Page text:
This page contains the handouts for the workshop for the “Research Experience for Undergraduates” site program. I am told the students spent three weeks collecting osteological data from skeletons at the 7–5th c. BCE Greek colony of Himera. The workshop took take place June 21 and 25, 2018 in the DigiLab.
Note: If you attended these workshops, please consider giving me some feedback through this anonymous survey so I can know how to improve:
Part 1: Intro to R
In this first part, we’ll do an introduction to R. We’ll talk about what R is, look at the differences between R and RStudio, and then get our hands dirty with actual R code. We’ll see how to do some of the basics, get your data into R, and how to work with it. Most importantly, we’ll see how to get help.
Part 2: Data Visualization
In this second portion of the workshop, we’ll look at the
ggplot package and see how to make some simple visualizations in R. We’ll see how to make scatter plots, bar plots, and boxplots, as well as some variations on each.
Part 3: Statistical Tests
This last part of the workshop is specifically devoted to how to run some statistics on your data. We’ll look at samples of the kind of data you have and see how to run tests like the t-test, the Mann-Whitney test, and the Kruskall-Wallis test. Moving over to categorical data, we’ll see how to do chi-squared tests and Fisher’s exact test. Finally, we’ll see how to do Principal Components Analysis. At every step of the way, there will be little interjections on best practices and how to make useful visualizations to help you with these.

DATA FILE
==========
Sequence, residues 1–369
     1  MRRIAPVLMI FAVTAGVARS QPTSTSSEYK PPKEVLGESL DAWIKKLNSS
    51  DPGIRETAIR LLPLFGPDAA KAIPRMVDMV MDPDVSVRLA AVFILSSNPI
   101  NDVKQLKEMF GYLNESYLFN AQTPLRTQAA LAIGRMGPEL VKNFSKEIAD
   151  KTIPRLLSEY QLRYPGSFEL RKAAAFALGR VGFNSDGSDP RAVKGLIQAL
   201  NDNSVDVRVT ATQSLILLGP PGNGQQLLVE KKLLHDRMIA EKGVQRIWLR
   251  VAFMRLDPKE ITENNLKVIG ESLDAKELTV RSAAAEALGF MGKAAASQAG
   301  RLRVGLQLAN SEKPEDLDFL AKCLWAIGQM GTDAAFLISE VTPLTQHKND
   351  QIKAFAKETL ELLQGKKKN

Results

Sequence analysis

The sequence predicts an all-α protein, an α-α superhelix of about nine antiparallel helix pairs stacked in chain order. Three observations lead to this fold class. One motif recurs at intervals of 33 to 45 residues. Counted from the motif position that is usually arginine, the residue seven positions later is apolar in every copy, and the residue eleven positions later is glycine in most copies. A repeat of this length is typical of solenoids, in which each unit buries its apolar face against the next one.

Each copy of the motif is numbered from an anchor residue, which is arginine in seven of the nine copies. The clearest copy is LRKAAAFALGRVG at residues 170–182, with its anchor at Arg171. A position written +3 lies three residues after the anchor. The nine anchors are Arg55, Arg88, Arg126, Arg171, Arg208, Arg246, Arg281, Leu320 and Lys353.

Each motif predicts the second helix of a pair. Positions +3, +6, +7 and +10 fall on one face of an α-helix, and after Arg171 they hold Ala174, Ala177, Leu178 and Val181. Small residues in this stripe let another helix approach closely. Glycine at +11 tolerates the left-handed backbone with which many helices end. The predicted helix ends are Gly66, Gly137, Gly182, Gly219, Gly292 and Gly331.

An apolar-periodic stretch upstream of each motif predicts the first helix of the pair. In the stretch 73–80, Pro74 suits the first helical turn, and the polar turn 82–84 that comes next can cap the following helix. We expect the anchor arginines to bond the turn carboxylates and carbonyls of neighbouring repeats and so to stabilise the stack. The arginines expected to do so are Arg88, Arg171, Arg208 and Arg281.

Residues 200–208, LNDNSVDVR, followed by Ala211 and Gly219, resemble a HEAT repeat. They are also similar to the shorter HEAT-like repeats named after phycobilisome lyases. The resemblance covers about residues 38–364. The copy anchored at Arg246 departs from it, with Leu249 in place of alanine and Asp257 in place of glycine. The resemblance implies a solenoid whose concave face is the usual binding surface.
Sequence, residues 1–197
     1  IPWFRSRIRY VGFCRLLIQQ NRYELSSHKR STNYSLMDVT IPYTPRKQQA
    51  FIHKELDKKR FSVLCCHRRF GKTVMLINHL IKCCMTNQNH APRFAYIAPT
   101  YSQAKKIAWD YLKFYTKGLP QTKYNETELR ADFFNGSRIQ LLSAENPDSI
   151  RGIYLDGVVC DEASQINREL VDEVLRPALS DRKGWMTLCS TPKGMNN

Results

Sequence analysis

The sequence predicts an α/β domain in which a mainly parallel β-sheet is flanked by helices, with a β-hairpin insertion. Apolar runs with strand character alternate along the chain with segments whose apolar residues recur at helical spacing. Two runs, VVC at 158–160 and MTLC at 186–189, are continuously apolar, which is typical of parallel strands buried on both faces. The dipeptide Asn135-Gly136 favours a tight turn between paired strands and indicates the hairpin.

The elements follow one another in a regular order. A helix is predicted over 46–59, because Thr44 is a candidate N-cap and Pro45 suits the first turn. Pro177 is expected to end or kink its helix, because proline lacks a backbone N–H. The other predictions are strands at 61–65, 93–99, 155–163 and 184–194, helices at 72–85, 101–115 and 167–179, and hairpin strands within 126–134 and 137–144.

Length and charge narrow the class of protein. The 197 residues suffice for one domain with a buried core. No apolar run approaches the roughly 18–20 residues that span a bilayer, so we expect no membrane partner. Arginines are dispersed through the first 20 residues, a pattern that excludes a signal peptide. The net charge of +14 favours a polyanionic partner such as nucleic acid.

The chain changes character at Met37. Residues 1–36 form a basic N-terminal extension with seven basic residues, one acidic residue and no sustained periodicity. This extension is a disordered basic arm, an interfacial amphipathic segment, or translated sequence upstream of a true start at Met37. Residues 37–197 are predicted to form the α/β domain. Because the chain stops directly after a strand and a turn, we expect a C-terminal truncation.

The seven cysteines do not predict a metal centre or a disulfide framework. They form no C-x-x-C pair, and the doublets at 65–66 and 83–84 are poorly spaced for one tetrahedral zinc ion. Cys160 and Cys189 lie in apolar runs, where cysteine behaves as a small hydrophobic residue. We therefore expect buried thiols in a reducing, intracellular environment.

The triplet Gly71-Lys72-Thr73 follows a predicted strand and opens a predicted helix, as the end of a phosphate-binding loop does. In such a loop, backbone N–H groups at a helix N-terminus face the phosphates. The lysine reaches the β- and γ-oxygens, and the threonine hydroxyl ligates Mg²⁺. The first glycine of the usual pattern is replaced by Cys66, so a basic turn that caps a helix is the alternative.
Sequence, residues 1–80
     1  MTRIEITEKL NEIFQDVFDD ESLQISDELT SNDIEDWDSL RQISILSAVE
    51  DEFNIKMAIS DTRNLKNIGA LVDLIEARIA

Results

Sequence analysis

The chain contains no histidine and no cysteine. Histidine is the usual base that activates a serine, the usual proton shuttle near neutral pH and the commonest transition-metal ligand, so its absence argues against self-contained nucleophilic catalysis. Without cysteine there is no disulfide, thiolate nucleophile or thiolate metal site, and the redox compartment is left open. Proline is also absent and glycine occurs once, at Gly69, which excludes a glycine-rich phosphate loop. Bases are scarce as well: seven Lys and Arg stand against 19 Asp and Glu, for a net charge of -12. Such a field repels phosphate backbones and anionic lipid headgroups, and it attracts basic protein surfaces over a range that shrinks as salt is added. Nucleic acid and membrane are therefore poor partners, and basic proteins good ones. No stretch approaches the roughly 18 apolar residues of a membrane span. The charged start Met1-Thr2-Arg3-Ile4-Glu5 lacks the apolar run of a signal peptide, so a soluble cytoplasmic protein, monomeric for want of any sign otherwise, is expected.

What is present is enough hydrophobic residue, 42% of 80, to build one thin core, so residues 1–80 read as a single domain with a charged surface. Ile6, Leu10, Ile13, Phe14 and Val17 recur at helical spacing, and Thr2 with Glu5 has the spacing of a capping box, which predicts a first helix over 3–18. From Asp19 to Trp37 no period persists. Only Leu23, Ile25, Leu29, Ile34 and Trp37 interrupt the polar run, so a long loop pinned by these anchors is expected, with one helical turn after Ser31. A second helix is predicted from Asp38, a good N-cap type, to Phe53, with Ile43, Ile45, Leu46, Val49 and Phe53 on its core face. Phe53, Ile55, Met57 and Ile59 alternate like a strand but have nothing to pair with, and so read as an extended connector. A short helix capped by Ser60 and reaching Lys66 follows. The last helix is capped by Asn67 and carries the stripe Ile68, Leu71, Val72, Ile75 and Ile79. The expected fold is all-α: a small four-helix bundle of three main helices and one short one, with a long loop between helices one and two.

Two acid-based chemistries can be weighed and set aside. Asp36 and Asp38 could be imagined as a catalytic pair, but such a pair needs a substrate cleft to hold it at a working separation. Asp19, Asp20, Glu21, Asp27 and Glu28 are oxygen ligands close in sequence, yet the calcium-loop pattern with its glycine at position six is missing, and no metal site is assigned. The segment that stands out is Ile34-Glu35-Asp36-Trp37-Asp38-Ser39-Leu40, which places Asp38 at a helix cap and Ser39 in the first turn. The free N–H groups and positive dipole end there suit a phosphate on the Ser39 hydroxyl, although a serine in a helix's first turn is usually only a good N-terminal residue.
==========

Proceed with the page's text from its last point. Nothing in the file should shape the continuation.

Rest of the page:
Bonus! Part 4: Regression
June 25: 9:00–10:00
There were a few concepts we didn’t quite have time to cover on Thursday, so in this bonus workshop we’ll take a closer look at some additional statistical concepts. This handout is entirely devoted to linear regression, which is a way to analyze make predictions about your data. Specifically, we look at regression with continuous data, categorical data, and multiple regression, with tangents covering analysis of variance and stepwise variable selection.